Spinal Cord Stimulation

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Chapter 7 Spinal Cord Stimulation

Parameter Selection and Equipment Choices

Chapter Overview

Chapter Synopsis: In principle, electrical spinal cord stimulation (SCS) can be delivered by the simplest of electrodes applied directly to the back, but today’s implanted devices are far more complex. In efforts to maximize the benefits of SCS, designers of medical devices have constructed ever more complicated electrode arrays. For clinicians wisdom seems to come from experience when it comes to selecting the device and other details of SCS implantation. This chapter addresses the many technical considerations driven by clinical and basic science research and the underlying neurophysiology. A common electrophysiological goal of SCS is to stimulate A-beta fibers that innervate the painful region, thereby switching the pain “gate” to allow nonpainful signals to overwhelm neuropathic pain. Stimulation of sympathetic fibers resulting from SCS also has beneficial effects in multiple indications. Optimal implantation of the proper device can improve the chances of success in these aims. The electrode array itself is the first consideration in selecting a patient’s individual course of treatment with SCS. Other factors to consider include power requirements, the optimal power source (rechargeable vs. battery), and placement of the power source in the body. Finally the stimulation pattern used at the electrode can produce varying results and should also be individualized.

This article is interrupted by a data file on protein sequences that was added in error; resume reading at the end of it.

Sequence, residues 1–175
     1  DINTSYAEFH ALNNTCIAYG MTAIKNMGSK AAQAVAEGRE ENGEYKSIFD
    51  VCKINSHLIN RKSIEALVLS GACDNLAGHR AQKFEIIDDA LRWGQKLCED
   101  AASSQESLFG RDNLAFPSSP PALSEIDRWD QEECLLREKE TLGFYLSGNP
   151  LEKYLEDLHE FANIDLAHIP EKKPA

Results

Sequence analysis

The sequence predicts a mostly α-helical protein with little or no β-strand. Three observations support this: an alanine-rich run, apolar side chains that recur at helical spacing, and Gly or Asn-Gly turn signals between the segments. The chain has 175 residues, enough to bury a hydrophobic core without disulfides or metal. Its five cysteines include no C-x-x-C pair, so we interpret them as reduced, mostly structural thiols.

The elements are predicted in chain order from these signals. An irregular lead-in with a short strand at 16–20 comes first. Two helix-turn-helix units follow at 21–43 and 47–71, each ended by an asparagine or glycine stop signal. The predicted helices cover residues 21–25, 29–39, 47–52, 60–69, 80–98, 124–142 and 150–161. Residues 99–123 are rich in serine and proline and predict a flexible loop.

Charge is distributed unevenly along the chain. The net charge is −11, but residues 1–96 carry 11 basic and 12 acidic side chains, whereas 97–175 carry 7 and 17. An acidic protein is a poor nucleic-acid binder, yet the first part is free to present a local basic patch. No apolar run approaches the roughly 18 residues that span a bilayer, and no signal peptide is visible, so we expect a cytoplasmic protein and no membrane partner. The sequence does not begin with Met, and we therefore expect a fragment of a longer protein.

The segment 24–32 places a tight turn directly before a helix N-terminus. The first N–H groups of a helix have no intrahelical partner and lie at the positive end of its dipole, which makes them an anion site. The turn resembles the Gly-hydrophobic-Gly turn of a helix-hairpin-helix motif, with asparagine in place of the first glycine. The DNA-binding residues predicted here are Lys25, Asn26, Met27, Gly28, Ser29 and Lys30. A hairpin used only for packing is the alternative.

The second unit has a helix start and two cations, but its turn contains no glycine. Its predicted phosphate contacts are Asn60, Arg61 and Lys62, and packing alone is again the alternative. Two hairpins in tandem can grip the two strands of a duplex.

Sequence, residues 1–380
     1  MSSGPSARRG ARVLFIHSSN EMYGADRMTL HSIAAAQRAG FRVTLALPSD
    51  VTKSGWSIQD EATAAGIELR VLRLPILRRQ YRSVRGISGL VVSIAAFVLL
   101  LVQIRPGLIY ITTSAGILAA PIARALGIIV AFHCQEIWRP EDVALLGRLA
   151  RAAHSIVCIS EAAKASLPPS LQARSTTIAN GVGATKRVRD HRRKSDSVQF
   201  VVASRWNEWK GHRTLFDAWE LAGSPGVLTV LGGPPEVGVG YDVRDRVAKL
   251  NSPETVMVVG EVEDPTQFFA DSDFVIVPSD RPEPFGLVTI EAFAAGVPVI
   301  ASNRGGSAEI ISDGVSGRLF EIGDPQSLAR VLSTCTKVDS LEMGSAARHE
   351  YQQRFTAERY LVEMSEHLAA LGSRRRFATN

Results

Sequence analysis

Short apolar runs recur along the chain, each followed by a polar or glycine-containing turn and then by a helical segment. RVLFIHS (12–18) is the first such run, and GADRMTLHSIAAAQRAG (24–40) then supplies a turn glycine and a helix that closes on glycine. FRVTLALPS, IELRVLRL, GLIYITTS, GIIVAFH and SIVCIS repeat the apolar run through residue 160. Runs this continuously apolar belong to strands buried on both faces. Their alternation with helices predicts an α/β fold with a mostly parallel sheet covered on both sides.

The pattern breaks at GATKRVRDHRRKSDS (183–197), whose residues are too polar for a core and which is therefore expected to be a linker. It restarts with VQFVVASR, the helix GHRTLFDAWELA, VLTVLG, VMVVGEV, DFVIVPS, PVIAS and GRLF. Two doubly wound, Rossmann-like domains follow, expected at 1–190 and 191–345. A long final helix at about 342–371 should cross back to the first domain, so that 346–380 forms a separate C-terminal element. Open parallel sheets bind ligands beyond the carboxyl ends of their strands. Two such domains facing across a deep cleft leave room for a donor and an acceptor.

Important Points: Contemporary neurostimulators allow changes in amplitude or voltage, frequency, and pulse width; they likely provide different electrophysiological effects at the level of the cord fibers, potentially increasing throughput in some settings while diminishing (blocking) spinal cord transmission in others.

Clinical Pearls: Changing parameters such as frequency may salvage a potentially bad outcome.

Clinical Pitfalls: Reliance on parameters does not relieve the implanter from properly selecting a patient, selecting a device, and completing a properly done implant.

Parameter Selection

The selection of targets for stimulation and the attendant selection of devices is in many respects easy and at the same time complicated, largely because of the massive amounts of anecdotal information and biases. These points of selection should be determined by desired impact on the nervous system and intent of paresthetic overlap on pain. Even more clouded is the selection of parameters of stimulation, wherein device selection may produce limitations and little has been published to support clinical perspectives. Claims among manufacturers of clinical advantage for one reason or another have been based on absent or at best poor science. Experienced users who have developed a keen eye for the characteristics of “responders” in their own hands further mystify new users of the technology as they announce, “this is it!” but fail to acknowledge other treatment perspectives as potentially valid. Yet there are reasonable guidelines for the selection of devices and their parameters that are both sensible and anatomically and physiologically specific.